Zolotyi Potik

Name in English: 
Potok Zloty
Name in Ukrainian: 
Zolotyi Potik
Name in Polish: 
Potok Złoty
Name in Hebrew: 
פוטוק זלוטי
Name in Yiddish: 
פּאָטיק (Potik)
Historical-cultural region: 
Eastern Galicia
Administrative District : 
Ternopil province, Buchach district
Administrative History: 

District Bohorodczany

Population Data: 

 

Year

General Population

Jewish Population

1765

(?)

335

1880

3142

1247

1900

3369

1036

1921

3174

895

 

Zolotyi Potik is situated about 20 km. south of Buczacz. The Polish name for the city - Potok Złoty - means ‘golden stream,’ and is apparently a reference to the location of the city in proximity to the Dniester, as well as to family's surname of its founder - the voivode of Breslav Jakub Potocki. A settlement was apparently founded at the site in 1570,  and already in 1600 King Zigmund the Third granted to it Magdeburg city rights, including the license to hold annual fairs and weekly markets. Stefan Potocki built a fortress in the city, surrounded by a moat and watch-towers. During the war with the Ottomans, the city was captured in 1672 and again in 1676. In 1772, Potok Złoty was captured by the Austrians and became part of Galicia. During the 19th century, the city’s economic status deteriorated, and it was sold and passed from hand to hand. During the First World War, the city was captured by the Russians, who housed their regional command headquarters there, leading to many bombing attacks on the city. The historical parts of the city, the citadel and the castle were mostly destroyed, and with the retreat of the Russian army the Dominican monastery was plundered, and many locals were also robbed. In addition, about a hundred houses were set on fire by the retreating Cossacks.  

 

The Jews of Potok Złoty

Jews are mentioned in various documents relating to the city already in 1635 and, in documentation relating to the Khmelnytsky Uprising, a Rabbi Wolf, who was apparently a leaser of lands in the city, is mentioned by name. The Jewish community of Potok Złoty was an independent community, and in the census of 1765, it included Jews from 111 surrounding villages. The Jews of Potok Złoty appear to have engaged in similar occupations to those in other Polish cities. They primarily supplied various services, were small vendors and tradesmen, and were involved in agriculture, land leasing and various handicrafts. In the middle of the 19th century, Rabbi Israel Friedman, the Ruzhyn Rabbi, purchased an estate in Potok Złoty in order to avoid exile from Austria. Following his death, his estate was sold again by his children, who did not wish to maintain it due to halakhic issues pertaining to observing the Sabbath while managing the estate. In 1866, Rabbi Sholom Mordechai Schwadron, the Maharsham, who would later become the rabbi of Berezhany and one of the most important halakhists of the early 20th century, served as the city’s rabbi.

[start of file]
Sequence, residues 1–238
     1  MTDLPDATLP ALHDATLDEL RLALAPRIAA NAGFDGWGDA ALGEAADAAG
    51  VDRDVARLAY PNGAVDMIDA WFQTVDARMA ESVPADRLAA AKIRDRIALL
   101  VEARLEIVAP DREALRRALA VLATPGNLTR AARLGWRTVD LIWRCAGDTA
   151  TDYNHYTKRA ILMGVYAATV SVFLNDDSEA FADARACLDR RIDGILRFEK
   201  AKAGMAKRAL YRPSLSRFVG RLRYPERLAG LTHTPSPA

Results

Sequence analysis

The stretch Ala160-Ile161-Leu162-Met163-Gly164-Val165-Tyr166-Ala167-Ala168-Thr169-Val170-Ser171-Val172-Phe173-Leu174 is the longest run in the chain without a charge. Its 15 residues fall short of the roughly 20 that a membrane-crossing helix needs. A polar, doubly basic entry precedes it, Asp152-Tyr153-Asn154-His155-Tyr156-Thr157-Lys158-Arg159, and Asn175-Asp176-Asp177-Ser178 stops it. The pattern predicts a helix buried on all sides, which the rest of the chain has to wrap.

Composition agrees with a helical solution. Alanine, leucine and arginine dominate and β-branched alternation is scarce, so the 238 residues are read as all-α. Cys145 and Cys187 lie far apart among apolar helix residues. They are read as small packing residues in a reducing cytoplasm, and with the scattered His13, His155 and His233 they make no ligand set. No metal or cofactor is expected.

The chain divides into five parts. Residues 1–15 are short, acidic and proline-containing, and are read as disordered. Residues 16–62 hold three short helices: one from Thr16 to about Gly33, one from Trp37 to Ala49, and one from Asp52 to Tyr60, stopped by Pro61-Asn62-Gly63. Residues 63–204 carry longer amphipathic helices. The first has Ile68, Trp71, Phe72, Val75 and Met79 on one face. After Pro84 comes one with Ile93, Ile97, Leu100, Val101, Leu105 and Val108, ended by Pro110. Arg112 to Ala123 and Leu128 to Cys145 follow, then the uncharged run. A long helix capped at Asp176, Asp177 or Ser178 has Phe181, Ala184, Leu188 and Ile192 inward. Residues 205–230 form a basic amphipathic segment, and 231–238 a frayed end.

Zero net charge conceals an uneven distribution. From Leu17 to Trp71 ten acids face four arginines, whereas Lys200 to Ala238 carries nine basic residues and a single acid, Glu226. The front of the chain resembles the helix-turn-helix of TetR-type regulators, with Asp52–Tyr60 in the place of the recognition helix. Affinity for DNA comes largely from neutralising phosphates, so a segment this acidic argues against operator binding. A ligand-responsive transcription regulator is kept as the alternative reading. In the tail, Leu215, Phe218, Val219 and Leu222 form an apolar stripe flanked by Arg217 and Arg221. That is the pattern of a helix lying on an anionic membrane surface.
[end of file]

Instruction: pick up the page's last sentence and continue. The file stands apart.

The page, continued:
Toward the end of the 19th century, Jews began leaving Potok Złoty, as part of a general movement of Jews from Galicia to larger cities in Austria and overseas, in America.

During the Russian occupation, the entire city suffered greatly at the hands of the Cossacks who occupied it, but even after the war, during the final days of the ‘West Ukrainian People’s Republic,’ Ukrainian soldiers and local villagers robbed the Jewish inhabitants of the city of their remaining food and clothing. During the first years following the war, many of Potok Złoty’s Jews suffered from near-starvation, despite financial assistance from former friends and neighbors who had emigrated to the United States.

Beginning at the end of the 19th and beginning of the 20th century, Potok Złoty, too, was home to widespread Zionist activity, and during the 1930s a farm for the training of Zionist pioneers was constructed by the ‘Ezra’ movement.

 

The Second World War

With the German occupation of 10.07.1941, responsibility over the Jews of Potok Złoty was transferred to the Ukrainian police, who would arrive at Jewish homes and rob and beat their inhabitants. A Judenrat was established in the city and forced to provide the Germans with ransom in the form of property, jewelry and money, as well as with man power for different forms of forced labor. In autumn 1942, the Jews were commanded to remove to Buczacz, and from there taken to various concentration camps on 17.10.42 and 27.11.42. The Jews who remained in Buczacz suffered from very difficult conditions in the ghetto constructed in the city. Around 30 Jews from Potok Złoty survived the war, either by hiding in the woods or by being hidden by Christians.

(Roee Goldshmidt)

Sources:

דוד אסף, דרך המלכות: רבי ישראל מרוז'ין ומקומו בתולדות החסידות, ירושלים 1997.

מיכאל ואברהם יעקב ברוור, זכרונות אב ובנו, ירושלים 1966

פנקסי הקהילות, ב, פוטוק זלוטי, עמ' 416-415.